An important point to reflect on here is that the proportion of a population having a certain Cancer (prevalence) as well as the risk that a population will develop Cancer (incidence) depends on geographical location.
regard to prevalence, according to the American Cancer Society some
"1,660,290 new Cancer cases are
expected to be diagnosed in 2013, and in 2013 about 580,350 Americans are
projected to die of Cancer." http://www.cancer.org/research/cancerfactsstatistics/cancerfactsfigures2014/index
The top dozen Cancer types in the United Stare are:
regard to incidence, plenty of statistics (facts & figures) are available
from the American Cancer Society by location (state), disease site, sex, race,
as well as age. Information on the probability
of age interval as well as geographic patterns are also available.
example, here is a visual graph of the incidence of Lung Cancer deaths by
risk factors can be divided into those factors which preventable and those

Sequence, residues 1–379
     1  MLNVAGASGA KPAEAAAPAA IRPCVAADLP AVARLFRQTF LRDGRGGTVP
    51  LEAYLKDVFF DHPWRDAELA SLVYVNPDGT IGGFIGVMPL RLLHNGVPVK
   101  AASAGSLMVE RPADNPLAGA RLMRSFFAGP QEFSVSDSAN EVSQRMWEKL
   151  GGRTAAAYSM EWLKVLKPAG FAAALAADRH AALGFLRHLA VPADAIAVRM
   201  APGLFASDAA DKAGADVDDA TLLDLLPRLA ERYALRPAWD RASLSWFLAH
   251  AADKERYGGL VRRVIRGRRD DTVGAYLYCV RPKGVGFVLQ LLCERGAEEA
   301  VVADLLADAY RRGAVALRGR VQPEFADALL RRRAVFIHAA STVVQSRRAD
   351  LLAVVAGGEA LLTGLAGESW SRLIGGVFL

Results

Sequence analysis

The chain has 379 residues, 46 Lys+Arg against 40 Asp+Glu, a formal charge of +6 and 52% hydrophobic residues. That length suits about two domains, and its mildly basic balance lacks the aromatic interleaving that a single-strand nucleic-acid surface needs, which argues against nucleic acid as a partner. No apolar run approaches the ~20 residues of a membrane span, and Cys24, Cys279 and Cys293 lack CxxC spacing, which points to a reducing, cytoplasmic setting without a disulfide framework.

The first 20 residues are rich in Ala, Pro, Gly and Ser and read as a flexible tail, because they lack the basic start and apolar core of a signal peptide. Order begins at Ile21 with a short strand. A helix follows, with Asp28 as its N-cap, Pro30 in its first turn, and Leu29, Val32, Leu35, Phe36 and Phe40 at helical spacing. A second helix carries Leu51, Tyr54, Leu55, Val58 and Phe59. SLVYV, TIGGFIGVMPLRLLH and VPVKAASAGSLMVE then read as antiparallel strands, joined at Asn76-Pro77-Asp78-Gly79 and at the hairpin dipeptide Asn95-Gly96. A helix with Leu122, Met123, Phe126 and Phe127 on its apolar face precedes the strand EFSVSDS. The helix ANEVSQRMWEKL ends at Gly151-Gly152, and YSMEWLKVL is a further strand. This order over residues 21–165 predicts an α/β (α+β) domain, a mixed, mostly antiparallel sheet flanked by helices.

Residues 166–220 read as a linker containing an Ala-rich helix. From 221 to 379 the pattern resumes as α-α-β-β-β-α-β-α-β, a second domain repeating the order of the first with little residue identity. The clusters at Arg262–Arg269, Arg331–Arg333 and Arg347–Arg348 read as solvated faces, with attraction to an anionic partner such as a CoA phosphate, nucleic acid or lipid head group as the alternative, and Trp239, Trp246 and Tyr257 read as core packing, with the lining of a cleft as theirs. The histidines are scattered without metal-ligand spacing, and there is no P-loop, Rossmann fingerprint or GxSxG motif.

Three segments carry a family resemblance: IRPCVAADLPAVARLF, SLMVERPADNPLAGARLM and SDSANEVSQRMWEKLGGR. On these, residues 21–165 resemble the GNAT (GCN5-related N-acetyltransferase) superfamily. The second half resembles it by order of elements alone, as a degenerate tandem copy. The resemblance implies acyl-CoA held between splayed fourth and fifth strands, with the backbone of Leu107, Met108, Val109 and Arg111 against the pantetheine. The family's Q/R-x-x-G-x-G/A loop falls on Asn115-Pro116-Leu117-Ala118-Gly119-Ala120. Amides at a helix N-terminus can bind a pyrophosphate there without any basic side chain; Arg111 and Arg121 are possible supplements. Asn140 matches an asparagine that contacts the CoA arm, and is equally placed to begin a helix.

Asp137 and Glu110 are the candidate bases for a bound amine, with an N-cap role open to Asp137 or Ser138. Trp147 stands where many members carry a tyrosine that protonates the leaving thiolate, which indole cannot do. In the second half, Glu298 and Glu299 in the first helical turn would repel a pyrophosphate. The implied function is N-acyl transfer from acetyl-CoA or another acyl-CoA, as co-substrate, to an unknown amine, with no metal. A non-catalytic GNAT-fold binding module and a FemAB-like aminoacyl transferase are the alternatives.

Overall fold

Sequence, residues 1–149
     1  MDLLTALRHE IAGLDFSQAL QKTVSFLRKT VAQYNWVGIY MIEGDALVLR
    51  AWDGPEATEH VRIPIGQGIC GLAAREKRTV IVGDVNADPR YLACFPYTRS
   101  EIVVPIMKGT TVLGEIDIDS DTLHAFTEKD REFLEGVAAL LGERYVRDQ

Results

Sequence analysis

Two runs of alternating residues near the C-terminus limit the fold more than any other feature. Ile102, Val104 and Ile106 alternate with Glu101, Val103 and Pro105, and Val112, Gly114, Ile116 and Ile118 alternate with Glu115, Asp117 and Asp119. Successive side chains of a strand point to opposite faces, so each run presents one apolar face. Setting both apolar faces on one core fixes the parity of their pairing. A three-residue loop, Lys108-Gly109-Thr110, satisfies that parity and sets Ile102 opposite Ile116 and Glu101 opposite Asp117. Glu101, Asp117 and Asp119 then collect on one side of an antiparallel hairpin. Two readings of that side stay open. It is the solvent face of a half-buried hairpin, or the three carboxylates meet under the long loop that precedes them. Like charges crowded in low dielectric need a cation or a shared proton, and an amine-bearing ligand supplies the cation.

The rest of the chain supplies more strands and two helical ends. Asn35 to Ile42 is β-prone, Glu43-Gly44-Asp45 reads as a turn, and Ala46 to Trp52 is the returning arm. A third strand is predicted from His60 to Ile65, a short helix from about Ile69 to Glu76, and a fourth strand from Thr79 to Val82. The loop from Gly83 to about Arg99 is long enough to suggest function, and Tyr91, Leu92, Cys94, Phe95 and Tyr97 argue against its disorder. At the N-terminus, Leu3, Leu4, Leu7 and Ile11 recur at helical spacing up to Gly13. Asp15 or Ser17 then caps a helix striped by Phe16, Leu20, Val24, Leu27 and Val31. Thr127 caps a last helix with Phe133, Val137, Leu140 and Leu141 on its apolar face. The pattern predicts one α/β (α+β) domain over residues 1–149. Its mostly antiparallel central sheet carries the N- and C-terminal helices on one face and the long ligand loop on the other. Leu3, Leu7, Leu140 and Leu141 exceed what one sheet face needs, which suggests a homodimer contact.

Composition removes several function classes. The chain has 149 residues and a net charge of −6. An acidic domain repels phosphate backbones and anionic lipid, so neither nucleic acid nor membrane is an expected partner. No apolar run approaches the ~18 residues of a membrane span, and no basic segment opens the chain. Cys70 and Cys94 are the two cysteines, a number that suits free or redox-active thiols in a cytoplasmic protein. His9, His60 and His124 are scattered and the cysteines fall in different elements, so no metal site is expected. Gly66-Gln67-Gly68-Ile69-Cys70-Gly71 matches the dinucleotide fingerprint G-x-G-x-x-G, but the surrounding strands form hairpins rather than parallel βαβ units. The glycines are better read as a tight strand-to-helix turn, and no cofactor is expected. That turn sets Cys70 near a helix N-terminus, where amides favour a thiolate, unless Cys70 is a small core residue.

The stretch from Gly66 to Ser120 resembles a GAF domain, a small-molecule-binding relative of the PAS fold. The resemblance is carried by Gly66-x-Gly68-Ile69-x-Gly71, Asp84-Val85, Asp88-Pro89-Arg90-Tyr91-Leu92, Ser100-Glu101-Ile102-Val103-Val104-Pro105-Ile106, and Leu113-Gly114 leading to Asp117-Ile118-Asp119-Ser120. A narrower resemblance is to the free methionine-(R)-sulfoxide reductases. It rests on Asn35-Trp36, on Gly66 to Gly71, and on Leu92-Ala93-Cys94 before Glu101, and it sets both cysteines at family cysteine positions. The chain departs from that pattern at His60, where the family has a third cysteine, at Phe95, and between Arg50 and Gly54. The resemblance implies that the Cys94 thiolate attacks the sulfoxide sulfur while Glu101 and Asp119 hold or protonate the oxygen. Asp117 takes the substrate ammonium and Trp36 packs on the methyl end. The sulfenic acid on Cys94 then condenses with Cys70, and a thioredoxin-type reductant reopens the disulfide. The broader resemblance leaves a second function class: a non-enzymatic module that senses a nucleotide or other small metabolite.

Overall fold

which are not-preventable. Cancer risk factors depend on the site of the
disease. By way of review, we will cover examples of some of the risk factors
for the top dozen Cancer sites.
factors for breast cancer and generally divided into reproductive factors and
other factors. Some reproductive breast cancer factors are: early onset of
menarche ( the first menstrual cycle), late start of menopause, as well as
never giving birth. Two of the various
other risk factors include a family history of breast cancer as well as alcohol
consumption of more than a drink each day.
are various risk factors for prostate cancer. Let's consider three examples;